Greenpez

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Re: Thoughts on investing in monthly dividend stock - O
« Reply #13 on: May 30, 2016, 08:08:33 AM »
Any reason you hold O over VNQ? Is it just a monthly vs quarterly div?

I like the triple-net lease business model and diversity of O's holdings in terms of states, tenants, and industries (such as drug stores, shipping facilities, automotive, and childcare. VNQ isn't a very diversified ETF. While it has 150 companies. 8% of the fund is in Simon Property Group--I'm not a fan of the shopping mall business model. The top 10 holdings account for 35% of the fund. Compare that to VTI, whose top holding (Apple) is 2.1% and the top 10 holdings account for 15% of the fund.

 Thanks for the in depth response! I guess I would want a significant yield advantage to go with one company over a fund, but your reasons make sense.

mrpercentage

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Re: Thoughts on investing in monthly dividend stock - O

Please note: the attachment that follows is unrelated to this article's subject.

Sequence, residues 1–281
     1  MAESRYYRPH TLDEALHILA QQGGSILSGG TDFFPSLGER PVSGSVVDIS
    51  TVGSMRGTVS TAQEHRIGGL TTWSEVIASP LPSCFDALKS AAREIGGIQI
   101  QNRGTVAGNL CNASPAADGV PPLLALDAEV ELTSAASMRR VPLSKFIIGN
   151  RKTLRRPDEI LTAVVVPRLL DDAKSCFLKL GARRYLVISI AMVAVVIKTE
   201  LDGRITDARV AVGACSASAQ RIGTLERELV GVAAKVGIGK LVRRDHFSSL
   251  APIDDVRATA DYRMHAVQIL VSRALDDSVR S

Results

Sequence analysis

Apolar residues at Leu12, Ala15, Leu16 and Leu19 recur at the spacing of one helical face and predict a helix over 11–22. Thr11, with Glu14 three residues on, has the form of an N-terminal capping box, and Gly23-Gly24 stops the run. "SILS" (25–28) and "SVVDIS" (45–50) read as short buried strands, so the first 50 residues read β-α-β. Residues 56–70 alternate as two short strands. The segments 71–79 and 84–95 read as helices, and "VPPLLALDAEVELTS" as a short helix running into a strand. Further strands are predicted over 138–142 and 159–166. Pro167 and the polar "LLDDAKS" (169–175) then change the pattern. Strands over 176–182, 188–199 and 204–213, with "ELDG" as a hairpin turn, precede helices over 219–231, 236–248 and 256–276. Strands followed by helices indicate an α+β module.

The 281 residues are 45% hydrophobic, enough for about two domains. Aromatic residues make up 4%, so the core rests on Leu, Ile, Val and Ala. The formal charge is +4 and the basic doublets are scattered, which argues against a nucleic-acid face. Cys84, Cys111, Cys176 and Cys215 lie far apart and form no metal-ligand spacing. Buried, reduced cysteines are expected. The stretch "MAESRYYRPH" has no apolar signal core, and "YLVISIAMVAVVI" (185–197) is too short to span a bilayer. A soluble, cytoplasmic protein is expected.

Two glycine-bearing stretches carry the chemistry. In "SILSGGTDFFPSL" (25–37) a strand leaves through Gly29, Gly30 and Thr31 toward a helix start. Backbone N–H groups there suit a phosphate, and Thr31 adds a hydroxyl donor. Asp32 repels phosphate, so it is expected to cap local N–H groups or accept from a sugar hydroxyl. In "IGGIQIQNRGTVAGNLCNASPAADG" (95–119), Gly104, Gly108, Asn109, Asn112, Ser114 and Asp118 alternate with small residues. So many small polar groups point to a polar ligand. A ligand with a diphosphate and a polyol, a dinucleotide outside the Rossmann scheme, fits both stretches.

« Reply #14 on: May 30, 2016, 09:59:47 AM »
I think it's over valued at the moment. It's a dividend stock so look at the five year historical yield average. That will give you a quick picture. Because it's a REIT and is taxed at a regular rate. That means it needs a higher yield then qualified dividend competitors.

Love the stock though. That's my 2 cents

PhysicianOnFIRE

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Re: Thoughts on investing in monthly dividend stock - O
« Reply #15 on: May 30, 2016, 10:34:08 AM »
Realty Income is my top individual holding, and one of seven dividend-growing companies that I consider to be core holdings.

I first bought it about 4 years ago and added several lots over the next 2 years, when the share price dipped to around $40.

I also reinvest all of the dividends.  Once I retire. I will turn off the reinvestments and easily live off the dividend income.  My total return is just under 150%, and my annual yield on investment is 9.85%.

A note on taxes: As a REIT, a portion of the dividend is taxed at ordinary income rates and a portion is nontaxable return of capital. In 2015, 76% of the dividend was taxable while 24% was nontaxable. At my marginal tax rate of 25%, my effective tax rate on the dividend was 19%, which is only slightly higher that the 15% tax rate of qualified dividends. If you are in a higher tax bracket, your effective tax rate will be even lower.